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Stadium at ancient city of Laodicea under restoration


Works have been initiated this summer to unearth a stadium in the ancient city of Laodicea, a property on UNESCO’s tentative list for World Heritage Sites. The stadium was a venue for sports competitions and gladiator fights in ancient times and is located in the western Turkish province of Denizli.

Stadium at ancient city of Laodicea under restoration
Aerial view of the stadium and the bath complex [Credit: denizliliyim]
Excavations and restorations have been ongoing in the ancient city for 13 years under the leadership of Professor Celal Şimşek of the Pamukkale University (PAU) Archaeology Department. Some 4,000 artifacts have been uncovered so far.

The artifacts include figures, sculptures, agricultural tools, and household products and have been under protection. The Sacred Agora, which is home to one of the seven holy churches mentioned in the Book of Revelation but which collapsed in an earthquake along with its columns in 494 A.D., has been restored and revived.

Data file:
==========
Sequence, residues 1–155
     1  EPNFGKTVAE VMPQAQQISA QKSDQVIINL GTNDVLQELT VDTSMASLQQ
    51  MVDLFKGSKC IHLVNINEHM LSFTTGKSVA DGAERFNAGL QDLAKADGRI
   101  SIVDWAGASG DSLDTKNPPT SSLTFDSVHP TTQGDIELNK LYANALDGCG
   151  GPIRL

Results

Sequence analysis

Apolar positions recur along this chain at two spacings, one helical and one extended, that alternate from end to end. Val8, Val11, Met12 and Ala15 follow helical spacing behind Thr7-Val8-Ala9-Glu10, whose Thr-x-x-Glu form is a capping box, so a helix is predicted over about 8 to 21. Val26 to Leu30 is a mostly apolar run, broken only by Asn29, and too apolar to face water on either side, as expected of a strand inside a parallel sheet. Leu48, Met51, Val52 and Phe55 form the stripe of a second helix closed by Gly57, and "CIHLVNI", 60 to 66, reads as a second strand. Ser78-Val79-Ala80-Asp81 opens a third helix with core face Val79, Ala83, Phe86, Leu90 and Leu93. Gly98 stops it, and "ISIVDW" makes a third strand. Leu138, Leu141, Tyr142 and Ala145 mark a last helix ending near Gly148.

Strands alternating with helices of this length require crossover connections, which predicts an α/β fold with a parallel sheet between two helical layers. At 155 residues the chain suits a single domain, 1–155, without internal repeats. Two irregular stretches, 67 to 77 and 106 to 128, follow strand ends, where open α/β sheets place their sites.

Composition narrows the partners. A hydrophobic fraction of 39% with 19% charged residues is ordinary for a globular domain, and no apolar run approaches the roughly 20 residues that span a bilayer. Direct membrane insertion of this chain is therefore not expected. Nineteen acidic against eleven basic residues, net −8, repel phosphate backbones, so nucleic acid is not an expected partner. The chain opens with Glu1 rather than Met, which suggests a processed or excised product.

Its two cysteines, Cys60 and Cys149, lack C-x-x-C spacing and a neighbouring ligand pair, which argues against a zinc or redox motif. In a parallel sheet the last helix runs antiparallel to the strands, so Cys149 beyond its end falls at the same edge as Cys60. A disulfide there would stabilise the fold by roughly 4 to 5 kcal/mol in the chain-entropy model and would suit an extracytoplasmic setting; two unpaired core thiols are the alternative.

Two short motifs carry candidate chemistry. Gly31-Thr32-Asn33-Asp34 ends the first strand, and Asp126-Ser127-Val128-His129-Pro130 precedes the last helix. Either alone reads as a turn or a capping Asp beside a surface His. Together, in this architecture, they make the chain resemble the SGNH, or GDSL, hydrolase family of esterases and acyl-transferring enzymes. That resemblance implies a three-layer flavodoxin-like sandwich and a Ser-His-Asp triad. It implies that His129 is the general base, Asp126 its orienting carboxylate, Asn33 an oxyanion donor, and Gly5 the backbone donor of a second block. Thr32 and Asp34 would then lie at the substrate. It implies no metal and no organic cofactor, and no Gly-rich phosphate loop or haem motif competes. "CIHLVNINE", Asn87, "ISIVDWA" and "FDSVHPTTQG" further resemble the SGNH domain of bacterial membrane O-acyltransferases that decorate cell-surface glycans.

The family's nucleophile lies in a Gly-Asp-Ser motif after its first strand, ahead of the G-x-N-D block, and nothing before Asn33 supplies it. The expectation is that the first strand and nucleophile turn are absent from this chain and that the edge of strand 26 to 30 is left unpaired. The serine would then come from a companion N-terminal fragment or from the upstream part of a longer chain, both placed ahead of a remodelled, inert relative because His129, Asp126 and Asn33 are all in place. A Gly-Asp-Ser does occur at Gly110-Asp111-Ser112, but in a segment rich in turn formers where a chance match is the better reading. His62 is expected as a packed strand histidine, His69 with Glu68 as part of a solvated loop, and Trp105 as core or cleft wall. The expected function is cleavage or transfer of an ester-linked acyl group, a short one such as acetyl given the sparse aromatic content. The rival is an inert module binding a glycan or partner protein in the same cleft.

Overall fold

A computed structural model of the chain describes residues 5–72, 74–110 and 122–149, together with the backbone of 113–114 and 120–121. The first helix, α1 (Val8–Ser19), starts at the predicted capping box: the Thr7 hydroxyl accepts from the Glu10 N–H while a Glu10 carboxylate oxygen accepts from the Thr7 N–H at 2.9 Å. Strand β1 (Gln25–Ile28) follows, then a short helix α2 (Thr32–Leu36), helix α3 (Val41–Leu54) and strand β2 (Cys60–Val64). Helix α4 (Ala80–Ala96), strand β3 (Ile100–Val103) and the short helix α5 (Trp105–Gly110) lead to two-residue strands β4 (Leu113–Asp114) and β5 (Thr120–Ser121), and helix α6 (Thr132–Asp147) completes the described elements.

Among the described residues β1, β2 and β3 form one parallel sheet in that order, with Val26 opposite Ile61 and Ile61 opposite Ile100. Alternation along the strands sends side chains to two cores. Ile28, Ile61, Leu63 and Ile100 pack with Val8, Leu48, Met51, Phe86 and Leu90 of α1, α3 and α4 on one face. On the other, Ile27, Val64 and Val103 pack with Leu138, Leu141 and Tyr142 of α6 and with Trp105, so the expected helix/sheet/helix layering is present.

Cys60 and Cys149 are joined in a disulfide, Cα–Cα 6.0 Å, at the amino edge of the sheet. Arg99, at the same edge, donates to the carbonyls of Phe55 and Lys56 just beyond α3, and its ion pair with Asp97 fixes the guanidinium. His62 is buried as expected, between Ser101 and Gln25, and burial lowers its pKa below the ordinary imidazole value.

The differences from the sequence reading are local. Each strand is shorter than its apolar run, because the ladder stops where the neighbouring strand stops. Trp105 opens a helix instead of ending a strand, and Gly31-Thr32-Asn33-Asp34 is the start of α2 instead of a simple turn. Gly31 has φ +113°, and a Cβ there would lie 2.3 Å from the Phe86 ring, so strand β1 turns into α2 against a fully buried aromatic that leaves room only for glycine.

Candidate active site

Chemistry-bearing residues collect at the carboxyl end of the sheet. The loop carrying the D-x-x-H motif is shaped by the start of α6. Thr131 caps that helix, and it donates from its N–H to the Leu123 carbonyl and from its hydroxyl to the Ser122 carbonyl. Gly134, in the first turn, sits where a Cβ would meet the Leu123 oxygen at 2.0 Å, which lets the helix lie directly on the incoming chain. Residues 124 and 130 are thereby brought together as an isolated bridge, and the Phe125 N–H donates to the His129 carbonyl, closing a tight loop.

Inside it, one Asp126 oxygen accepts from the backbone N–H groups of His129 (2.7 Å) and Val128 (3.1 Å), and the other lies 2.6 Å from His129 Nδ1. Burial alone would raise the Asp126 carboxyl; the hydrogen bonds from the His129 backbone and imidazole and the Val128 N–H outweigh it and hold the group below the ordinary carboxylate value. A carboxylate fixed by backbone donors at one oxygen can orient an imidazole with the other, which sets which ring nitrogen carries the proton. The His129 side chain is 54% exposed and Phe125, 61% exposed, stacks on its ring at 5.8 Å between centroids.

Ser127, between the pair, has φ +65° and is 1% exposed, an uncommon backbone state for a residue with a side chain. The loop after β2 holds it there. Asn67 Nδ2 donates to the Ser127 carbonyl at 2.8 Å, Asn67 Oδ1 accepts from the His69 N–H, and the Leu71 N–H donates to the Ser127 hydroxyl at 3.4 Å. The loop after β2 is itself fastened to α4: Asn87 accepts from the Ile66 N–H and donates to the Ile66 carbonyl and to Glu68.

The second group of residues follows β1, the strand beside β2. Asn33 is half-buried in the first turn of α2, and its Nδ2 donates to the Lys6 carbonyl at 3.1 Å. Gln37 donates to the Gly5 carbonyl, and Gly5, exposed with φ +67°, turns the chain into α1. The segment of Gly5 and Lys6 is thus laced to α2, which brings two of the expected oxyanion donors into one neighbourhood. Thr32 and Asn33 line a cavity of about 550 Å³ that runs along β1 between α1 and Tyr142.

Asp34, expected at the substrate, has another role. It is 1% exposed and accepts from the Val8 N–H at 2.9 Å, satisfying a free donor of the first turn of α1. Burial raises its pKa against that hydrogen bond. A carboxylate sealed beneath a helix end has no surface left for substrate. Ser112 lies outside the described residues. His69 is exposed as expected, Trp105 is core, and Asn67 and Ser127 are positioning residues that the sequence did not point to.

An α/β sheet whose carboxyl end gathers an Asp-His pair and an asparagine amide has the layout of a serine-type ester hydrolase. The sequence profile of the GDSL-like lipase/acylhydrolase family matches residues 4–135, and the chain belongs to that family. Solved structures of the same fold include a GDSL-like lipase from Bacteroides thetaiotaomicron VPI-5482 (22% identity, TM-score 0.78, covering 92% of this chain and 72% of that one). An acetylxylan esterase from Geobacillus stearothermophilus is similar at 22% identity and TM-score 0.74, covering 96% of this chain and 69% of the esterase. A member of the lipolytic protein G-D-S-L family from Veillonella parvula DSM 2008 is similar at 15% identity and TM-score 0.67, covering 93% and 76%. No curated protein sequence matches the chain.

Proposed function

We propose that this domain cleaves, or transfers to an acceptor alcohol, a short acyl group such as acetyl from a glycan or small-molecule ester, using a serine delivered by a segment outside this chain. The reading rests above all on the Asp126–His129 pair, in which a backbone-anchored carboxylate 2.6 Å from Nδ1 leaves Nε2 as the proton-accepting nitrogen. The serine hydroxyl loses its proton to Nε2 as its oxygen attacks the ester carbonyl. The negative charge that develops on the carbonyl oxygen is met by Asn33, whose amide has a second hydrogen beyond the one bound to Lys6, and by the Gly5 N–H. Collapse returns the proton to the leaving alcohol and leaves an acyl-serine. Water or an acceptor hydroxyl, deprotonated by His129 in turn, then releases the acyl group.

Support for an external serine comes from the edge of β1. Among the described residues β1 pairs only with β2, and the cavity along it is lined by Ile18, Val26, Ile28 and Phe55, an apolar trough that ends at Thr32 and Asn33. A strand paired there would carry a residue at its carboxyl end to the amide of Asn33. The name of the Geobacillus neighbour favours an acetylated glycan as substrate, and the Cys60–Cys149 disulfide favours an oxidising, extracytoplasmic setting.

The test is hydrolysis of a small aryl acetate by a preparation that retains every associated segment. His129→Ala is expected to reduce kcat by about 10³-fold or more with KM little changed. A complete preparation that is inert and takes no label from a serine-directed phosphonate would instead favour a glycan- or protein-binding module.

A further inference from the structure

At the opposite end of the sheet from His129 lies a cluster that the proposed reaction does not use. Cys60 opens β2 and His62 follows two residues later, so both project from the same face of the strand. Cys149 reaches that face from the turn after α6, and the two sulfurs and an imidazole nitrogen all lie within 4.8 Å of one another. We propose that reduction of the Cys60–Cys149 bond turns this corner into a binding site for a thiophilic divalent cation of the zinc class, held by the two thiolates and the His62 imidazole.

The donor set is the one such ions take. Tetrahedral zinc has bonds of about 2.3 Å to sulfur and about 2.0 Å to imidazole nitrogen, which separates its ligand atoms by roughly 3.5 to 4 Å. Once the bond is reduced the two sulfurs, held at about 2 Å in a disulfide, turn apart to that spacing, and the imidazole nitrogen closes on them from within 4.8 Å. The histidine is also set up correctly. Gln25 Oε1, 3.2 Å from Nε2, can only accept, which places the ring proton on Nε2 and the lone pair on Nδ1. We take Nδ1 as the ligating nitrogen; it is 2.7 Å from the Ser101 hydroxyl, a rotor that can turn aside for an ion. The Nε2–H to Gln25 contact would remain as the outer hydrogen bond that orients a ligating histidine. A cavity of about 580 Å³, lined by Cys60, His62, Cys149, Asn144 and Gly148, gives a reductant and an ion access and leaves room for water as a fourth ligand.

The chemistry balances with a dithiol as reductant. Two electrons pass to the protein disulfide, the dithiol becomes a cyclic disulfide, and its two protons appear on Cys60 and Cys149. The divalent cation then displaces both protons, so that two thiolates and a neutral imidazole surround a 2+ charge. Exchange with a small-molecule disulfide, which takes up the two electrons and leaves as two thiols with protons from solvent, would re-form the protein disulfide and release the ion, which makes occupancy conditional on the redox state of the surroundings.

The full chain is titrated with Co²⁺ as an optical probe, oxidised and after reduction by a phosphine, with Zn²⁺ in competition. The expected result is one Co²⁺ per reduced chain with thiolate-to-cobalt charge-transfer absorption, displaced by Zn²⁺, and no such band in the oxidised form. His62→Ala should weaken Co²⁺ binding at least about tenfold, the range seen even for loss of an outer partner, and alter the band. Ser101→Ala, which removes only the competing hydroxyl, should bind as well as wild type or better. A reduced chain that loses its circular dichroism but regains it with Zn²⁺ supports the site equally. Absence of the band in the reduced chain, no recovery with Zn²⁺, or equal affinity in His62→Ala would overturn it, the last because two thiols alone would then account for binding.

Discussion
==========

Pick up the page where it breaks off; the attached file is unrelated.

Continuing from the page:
A project has also been initiated to unearth the Laodicea Stadium, located on Stadium Street in the ancient city and known as the largest stadium in Asia Minor in the era.

The project has been approved by the Cultural and Natural Heritage Preservation Board and gets supported by the Merkezefendi Municipality. When it is finished, the stadium will be revived after 1,494 years.

Stadium at ancient city of Laodicea under restoration
Remains of the stadium at Laodicea in 2005 [Credit: cjszone]
Speaking to Anadolu Agency, Professor Şimşek said this year’s excavation and restoration works have still been continuing in the ancient city, focusing on the project made for the revival of Stadium Street.

“The recovery of the ruined columns continues. They will be revived with their arches within three months. The street will regain life after 1,500 years,” Şimşek said, adding that the street where the excavations are continuing is very important.

“It is a gigantic structure that is 285-meters high and 70-meters wide. Right next to it is a bath complex. It is one of the biggest bath in Asia Minor. There is an agora and an assembly building next to it. This place was a field of both sports and administration and people came together. From this aspect, the street has importance too,” said Şimşek.

Şimşek said many competitions were held in the Laodicea Stadium in ancient times and the names of five-time winners of the competitions were written on inscriptions.

“At the same time, this stadium is very important for gladiator fights. The competition was held not only for this city but also the other cities in the Lycus lowlands. All Olympic-size games, local or big sports competitions, and gladiator fights have been held in this stadium,” he said.

Source: Hurriyet Daily News [August 21, 2017]
TANN

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